John Todd Morrison, physicist, was the son of James Morrison, a master shoemaker, and his wife Mary Todd. After attending school for seven years he entered George Watson's College, Edinburgh, for three years, before matriculating at the University of Edinburgh. He continued his studies there, won several bursaries and scholarships, and graduated as Master of Arts (MA, 1883) and five years later as Bachelor of Science (BSc, 1888). One of his lecturers at Edinburgh was William Thomson*, who later became professor of mathematics at Stellenbosch. Meanwhile Morrison had started his teaching career at the Heriot Watt College in 1886 and remained there until 1891. Two of his early papers dealt with the distribution of temperature in three Scotish lochs. Both were read before the British Association for the Advancement of Science in 1886 and published in its Report for that year.
Early in 1892 Morrison came to the Cape Colony to take up an appointment as lecturer in natural philosophy (physics) and chemistry at Victoria College, Stellenbosch - one of the constituent colleges of the University of the Cape of Good Hope. That same year the university admitted him to the MA degree on the basis of his degrees from the University of Edinburgh. He subsequently became professor of physics at Victoria College (October 1893), professor of applied mathematics (January 1906), and again professor of physics (April 1923) until his retirement at the end of June 1934. During these years he did much to raise the standard of tuition in his subjects. From 1918 his post formed part of the University of Stellenbosch, successor to Victoria College. In 1903 he was an examiner in physics at the MA level for the University of the Cape of Good Hope and occasionally an examiner in mathematics, applied mathematics or physics for undergraduate and honours students during 1910-1916.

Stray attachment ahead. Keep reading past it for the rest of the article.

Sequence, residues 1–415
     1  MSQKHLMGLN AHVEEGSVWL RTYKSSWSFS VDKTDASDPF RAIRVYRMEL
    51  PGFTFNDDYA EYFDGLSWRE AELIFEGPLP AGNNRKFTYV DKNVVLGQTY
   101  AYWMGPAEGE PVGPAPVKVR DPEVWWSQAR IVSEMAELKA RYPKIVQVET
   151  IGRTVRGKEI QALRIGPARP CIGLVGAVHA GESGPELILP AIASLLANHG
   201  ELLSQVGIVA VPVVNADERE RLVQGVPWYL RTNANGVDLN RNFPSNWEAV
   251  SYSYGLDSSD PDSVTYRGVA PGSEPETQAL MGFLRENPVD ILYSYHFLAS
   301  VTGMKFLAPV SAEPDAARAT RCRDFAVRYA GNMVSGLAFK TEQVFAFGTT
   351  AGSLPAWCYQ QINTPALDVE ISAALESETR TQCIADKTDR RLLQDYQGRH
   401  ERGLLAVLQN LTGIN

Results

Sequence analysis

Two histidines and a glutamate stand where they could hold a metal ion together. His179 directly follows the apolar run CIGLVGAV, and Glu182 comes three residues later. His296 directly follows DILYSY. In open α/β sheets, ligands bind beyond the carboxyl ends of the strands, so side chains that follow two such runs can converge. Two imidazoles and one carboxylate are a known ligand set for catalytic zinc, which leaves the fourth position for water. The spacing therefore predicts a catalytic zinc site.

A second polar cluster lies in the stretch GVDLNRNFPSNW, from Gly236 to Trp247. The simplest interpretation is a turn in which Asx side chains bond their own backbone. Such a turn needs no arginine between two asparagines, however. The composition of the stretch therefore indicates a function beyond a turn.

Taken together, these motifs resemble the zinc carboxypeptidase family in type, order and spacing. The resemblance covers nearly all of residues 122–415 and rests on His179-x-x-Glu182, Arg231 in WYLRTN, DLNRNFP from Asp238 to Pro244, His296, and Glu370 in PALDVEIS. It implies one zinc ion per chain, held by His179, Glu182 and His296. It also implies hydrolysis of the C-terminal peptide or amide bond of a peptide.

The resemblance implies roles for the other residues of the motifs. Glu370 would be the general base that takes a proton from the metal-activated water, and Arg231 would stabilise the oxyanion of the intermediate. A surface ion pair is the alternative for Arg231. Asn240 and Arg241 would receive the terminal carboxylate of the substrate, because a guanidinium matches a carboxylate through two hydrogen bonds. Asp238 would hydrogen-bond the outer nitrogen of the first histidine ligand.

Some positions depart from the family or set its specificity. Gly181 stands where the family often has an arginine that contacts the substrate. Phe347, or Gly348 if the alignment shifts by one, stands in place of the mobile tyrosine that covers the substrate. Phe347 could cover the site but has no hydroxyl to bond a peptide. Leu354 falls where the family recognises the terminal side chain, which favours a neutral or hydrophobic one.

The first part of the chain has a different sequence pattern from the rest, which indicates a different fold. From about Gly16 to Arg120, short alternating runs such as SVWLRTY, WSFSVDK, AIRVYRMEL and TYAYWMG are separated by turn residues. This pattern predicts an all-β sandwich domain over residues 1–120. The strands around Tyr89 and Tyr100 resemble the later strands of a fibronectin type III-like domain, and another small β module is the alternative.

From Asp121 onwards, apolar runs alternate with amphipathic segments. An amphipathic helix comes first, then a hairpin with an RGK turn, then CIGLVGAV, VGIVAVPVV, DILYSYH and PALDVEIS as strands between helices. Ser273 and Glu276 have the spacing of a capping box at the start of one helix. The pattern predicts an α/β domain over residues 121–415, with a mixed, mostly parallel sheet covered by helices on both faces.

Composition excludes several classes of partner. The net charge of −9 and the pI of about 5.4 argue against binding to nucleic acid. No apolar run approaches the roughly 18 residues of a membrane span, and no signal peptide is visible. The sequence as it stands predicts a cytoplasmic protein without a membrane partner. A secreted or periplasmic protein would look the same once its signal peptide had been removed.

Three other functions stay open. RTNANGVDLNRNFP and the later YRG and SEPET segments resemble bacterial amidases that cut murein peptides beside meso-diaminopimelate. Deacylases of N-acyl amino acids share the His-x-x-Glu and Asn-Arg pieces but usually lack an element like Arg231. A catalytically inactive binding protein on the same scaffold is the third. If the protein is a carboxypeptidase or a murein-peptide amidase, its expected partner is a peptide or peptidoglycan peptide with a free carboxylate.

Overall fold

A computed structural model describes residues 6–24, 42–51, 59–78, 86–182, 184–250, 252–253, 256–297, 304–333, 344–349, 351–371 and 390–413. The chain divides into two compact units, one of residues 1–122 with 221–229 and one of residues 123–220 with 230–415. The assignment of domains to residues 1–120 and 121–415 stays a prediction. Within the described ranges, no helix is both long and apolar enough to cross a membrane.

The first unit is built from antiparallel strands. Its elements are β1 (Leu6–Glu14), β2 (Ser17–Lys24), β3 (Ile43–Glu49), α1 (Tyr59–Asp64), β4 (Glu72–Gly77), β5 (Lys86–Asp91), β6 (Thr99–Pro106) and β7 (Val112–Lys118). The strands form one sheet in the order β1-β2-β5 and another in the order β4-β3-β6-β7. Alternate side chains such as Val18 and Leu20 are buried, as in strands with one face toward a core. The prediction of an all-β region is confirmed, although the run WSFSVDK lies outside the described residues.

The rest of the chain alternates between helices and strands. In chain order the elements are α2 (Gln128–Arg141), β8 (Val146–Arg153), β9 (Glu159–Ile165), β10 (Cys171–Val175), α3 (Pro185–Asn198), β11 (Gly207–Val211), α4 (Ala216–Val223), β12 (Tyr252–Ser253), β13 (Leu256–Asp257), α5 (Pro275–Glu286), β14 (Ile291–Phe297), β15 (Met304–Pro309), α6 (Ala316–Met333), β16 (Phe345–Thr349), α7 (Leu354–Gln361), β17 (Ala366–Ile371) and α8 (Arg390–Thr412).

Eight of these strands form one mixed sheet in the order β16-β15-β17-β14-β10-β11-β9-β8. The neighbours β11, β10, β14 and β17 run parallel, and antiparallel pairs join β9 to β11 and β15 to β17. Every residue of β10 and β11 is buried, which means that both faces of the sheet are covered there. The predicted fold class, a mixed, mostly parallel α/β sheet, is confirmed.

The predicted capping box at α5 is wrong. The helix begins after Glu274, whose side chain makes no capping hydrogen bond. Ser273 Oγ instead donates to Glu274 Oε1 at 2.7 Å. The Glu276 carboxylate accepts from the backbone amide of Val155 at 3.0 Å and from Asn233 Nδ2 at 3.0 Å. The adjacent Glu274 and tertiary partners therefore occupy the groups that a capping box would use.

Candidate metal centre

From December 1897 Morrison collaborated with Professor J.C. Beattie* of the South African College, Cape Town, on the first comprehensive magnetic survey of southern Africa and spent most of his vacations, and a year's leave in 1903, conducting field work. They measured the magnetic declination, inclination and field intensity at more than 400 stations all over southern Africa and at some stations repeated the observations to determine the secular variations of the magnetic elements. In a joint paper before the South African Philosophical Society, published in its Transactions in 1903 (Vol. 14, pp.1-27), they reviewed and interpreted earlier observations of the magnetic elements at the Cape from 1605 to 1900. The results of their own survey were published in London in 1909 under Beattie's name in a book entitled Report of a magnetic survey of South Africa. In 1909, both on leave for the year, they extended the survey to central Africa. They made observations from Kabwe (formerly Broken Hill) in Zambia, through north-western Zambia, the Democratic Republic of the Congo and north-eastern Zambia to Mbala. From there Morrison travelled to Chinde on the east coast and up the coast by sea, landing at several places to take measurements. Their results were published in Land magnetic observations, 1905-1910 by L.A. Bauer of the Carnegie Institution in Washington (Publication No. 175, 1912).